M. Markley Antiques
Antique Cabinets - Item 5106
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down for additional photos -- the variation in color is due to whether flash photography is used and the time of day the photos are taken. The actual color of the cabinet is darker and closer to the first photo shown after the Description.)
|| Gothic Cabinet in the Troubadour Style
39; Height 38; Depth 20 (in inches)
evokes the medieval tradition of the troubadour – and the style of early 19th
century French furniture named for him – as nothing else we have offered. We love that the Troubadour Style sprang from
musicians of the Middle Ages in the south of France or the Languedoc where the
word for yes was oc and not the oui of more northern climes where the musicians
were referred to as trouvères. The
origin of the term troubadour is shrouded in mystery, not to mention academic
quarrelling and so we won’t go there.
Suffice it to say that the troubadours, and the songs they composed
about love and chivalry, spread like wildfire around Europe, from castle to
castle. The intimacy of the performances
and the romance invoked by the subject matter led to vast numbers of
compositions and the first attempts outside the sacred repertoire to preserve
melodies and words with musical notation.
So ingrained in
the French cultural memory were the troubadours that their name was given to a
style of painting, architecture, and decorative arts harking back to the styles
of the Middle Ages and seeking to create an ambience of that earlier time. An early 19th century precursor to the later
Gothic Revival in France, the Troubadour Style was less concerned with
orthodoxy of design elements and more focused on creating the human, even the
romantic, aspects of the earlier time, much as Sir Walter Scott created with
reflects the hallmark of the Troubadour style, emphasizing the human aspect over
the ornamentation. Rather than panels of
elaborate tracery, the two main figures – the musician and the lady – are the
focus of the piece. Each is seated. The female figure on the left door panel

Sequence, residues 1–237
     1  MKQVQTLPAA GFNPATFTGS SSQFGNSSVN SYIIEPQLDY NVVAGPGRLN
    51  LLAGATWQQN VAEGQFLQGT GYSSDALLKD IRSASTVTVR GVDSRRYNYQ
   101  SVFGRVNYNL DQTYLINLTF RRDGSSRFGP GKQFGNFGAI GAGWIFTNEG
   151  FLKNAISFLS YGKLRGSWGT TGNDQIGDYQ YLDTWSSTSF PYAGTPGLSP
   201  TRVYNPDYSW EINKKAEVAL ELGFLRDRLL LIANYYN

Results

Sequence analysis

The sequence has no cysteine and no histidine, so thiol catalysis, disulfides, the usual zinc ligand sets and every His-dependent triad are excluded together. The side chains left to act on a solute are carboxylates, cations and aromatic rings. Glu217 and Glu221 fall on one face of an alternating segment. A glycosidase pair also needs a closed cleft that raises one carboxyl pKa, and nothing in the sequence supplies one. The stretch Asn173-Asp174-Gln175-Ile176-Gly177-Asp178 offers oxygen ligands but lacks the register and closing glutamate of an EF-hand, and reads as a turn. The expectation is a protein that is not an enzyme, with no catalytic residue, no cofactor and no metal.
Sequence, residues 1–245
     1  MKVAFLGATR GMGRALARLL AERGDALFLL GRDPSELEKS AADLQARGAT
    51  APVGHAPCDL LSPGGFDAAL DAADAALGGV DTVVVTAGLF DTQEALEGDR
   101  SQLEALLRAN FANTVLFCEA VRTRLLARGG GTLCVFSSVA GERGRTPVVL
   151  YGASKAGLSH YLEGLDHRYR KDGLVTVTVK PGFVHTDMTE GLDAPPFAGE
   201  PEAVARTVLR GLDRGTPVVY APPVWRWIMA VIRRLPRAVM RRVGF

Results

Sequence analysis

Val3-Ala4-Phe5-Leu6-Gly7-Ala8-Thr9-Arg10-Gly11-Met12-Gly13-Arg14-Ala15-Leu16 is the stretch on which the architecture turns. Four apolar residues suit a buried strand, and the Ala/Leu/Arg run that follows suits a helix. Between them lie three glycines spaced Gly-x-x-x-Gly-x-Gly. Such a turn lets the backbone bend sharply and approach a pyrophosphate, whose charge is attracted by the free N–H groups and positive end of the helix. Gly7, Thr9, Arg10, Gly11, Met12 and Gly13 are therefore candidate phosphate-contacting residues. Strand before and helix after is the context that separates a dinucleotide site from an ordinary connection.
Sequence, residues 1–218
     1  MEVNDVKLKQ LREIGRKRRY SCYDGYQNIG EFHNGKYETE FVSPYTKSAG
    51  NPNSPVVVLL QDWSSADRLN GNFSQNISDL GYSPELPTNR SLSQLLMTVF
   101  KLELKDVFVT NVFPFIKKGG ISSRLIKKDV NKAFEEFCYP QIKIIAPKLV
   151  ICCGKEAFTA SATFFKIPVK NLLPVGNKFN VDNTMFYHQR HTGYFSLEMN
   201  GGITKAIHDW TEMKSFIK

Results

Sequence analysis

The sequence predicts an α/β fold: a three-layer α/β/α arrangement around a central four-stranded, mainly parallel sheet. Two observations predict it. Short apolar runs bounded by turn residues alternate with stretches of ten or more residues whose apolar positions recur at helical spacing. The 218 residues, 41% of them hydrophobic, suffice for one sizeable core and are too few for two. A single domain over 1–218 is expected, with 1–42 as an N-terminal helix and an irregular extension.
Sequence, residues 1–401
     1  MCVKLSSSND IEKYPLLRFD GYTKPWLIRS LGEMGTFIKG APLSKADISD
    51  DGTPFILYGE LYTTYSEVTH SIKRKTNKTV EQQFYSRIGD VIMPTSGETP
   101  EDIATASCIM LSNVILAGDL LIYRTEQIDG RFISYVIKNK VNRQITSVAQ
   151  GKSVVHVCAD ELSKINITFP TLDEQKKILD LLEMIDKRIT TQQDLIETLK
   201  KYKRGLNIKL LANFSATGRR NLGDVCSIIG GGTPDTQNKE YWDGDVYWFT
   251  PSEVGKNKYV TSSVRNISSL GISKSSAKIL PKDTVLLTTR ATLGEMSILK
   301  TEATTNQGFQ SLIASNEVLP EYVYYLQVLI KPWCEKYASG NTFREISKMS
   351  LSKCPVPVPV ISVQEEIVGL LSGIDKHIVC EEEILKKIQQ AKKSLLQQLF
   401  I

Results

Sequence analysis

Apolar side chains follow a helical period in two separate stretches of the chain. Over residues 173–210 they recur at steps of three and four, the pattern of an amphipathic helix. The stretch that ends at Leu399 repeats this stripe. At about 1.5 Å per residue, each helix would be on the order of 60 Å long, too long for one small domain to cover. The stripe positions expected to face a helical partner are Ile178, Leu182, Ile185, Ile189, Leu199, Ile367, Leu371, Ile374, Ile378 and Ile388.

wears the traditional hennin or cone-shaped hat of the Middle Ages below which long braids dangle. Her robes billow around her as she turns
toward the musician on the right door panel.
Her faithful hound is by her side.
Both seem transfixed by the music of the troubadour, who is playing a
long-necked Renaissance lute (or possibly a cittern). What is the troubadour
singing? Are his poetry and music in
praise of the lady? How should we
imagine this tableau unfolds?
moment in time, this engaging little scene pulls us viewers into spaces framed
by a broad ogive arch, crowned as in the flamboyant Gothic tradition, by a
stylized flame. Within these arches are
smaller ones cascading downward to frame the figures themselves, as if in the
great hall of a medieval castle. Perhaps
the revelers have just enjoyed a sumptuous meal of game from the local lands
and a sip or two of Malbec, the black wine of Cahors, so prized that it was
served at the wedding of Eleanor of Aquitaine to Henry of Anjou (later King
Henry II of England) at Poitiers in 1152.
In keeping with
the early 19th century approach to Troubadour style, this cabinet places more
focus on the figures and the story than on the architectural detail but still
offers several intriguing aspects. For
example, the frieze below the top, including the two drawers, has bits of
tracery with a rosette in the middle.
Very unusual are the two drawer handles left as outcroppings or oriels
after the front of each drawer was carved away.
With their ornate, sloping tops they remind us of Emperor Maximilian I’s
rectangular outcropping with the gold-colored roof, dating from 1500, which
remains the symbol of his rule as Habsburg Emperor and of the city of Innsbruck
where his court was headquartered.
Viewing tournaments from this perch, Maximilian continued the traditions
of chivalry born in Languedoc and influencing Renaissance composers such as his
personal tunesmith from Flanders, Josquin des Prez.
finials frame either side of the cabinet, tall and slim with a richness of
architectural detail. The magnificent
patina we see on the finials is reflected elsewhere on the cabinet, contrasting
the dark crevices of detail and the lighter surface of the oak.
Jacqueline, Le Mobilier Français du Moyen Age à la Renaissance, Editions d'ArtMonelle Hayot (Saint-Just-en-Chaussée, 1988); Faton-Boyancé, Jeanne (Ed.), Thirion, Jacques, Le Mobilier du
Moyen Age et de la Renaissance en France (Editions Faton, Dijon, 1998); Viollet-le-Duc, Eugène, Le Mobilier Médiéval (Georges Bernage, editor)
(Editions Heimdal, 2003)
would be useful in almost any room. Its
compact size and roomy interior could hold a wealth of objects form glassware
to linens to files, with room enough for a troubadour’s music manuscripts and a
hennin or two.